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vapor deposition of diamond material helps reduce cutting time,
increase quality for JSF wing skins
wouldn't give $105,000 to gain $222 million? Lockheed Martin Aeronautics
Co. (LMAC, Ft. Worth, Texas) did and in the process was able to
fabricate dimension-critical aerostructures more efficiently, more
accurately, and faster. LMAC is a major components manufacturer
for the F-35 Joint Strike Fighter (JSF), the next-generation military
fighter jet being developed by the U.S. Department of Defense (DoD)
and eight other partner countries. As part of its fabrication process,
LMAC performs postmold machining of carbon fiber-reinforced wingskins
to net edge shape and size. The cutting tool selected at the start
of the project, however, was able to last only 9 linear ft (2.74m)
at one third the total material thickness. In addition, cutting
performed by the selected tool often produced excessive delamination,
thereby reducing overall quality of the wingskin.
As F-35 development and manufacture progressed, timelines and delivery
dates become more compressed and LMAC needed to find a way to cut
wing skins faster and without delamination. The company asked the
National Center for Defense Manufacturing and Machining (NCDMM,
Latrobe, Pa.) to assess the problem and provide a more efficient
NCDMM started by evaluating cutting tool geometries under a variety
of application parameters. When cutter geometries and their associated
cutting forces were determined, tool life and delamination were
measured and evaluated. Test results lead to a better understanding
of required tool geometry, material and coating.
To develop a new cutting solution, the NCDMM worked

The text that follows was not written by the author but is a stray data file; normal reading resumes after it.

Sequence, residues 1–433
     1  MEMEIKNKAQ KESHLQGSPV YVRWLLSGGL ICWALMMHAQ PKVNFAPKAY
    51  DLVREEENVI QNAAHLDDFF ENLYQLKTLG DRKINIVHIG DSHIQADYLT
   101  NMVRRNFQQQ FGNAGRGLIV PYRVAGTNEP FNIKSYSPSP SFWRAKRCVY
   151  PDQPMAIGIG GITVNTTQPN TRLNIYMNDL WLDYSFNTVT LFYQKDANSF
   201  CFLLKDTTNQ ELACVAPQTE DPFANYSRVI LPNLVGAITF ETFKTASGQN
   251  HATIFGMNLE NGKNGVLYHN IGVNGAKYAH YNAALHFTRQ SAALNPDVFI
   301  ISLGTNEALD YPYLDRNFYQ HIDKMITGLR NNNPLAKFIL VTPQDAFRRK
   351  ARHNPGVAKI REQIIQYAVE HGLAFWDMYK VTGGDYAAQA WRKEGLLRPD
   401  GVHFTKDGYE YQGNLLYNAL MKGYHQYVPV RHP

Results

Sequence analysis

with several Alliance Partners, including Amamco Tool Co. (Greer,
S.C., 7105), Diamond Tool Coating (N. Tonawanda, N.Y., 3687), Kennametal
Inc. (Fort Mill, S.C.), McCullough Machine (New Derry, Pa.) and
RNDT Inc. (Johnstown, Pa.).
The resulting tool relies heavily on DiaTiger, a chemical vapor
deposition (CVD) multi-layered diamond coating produced by Diamond
Tool Coating and designed specifically for machining composites,
including fiberglass reinforced plastics, graphite, carbon fiber
composites and ceramics. The new design and new material increased
tool life from 9 linear feet at one-third material thickness to
57 linear ft (17.37m) at full material thickness. Test coupons ultrasonically
inspected by LMAC verified the integrity of the parts. LMAC now
can machine a complete wingskin using only two cutting tools - one
to rough and one to finish - instead of the 24 cutting tools used
previously. Cost savings per aircraft is approximately $80,000.
If LMAC manufactures 2,783 F-35s as planned, total cost savings
over the life of the project is approximately $222.6 million - not
including conservation realized via scrap reduction and time savings.
Cost of the project was $105,000.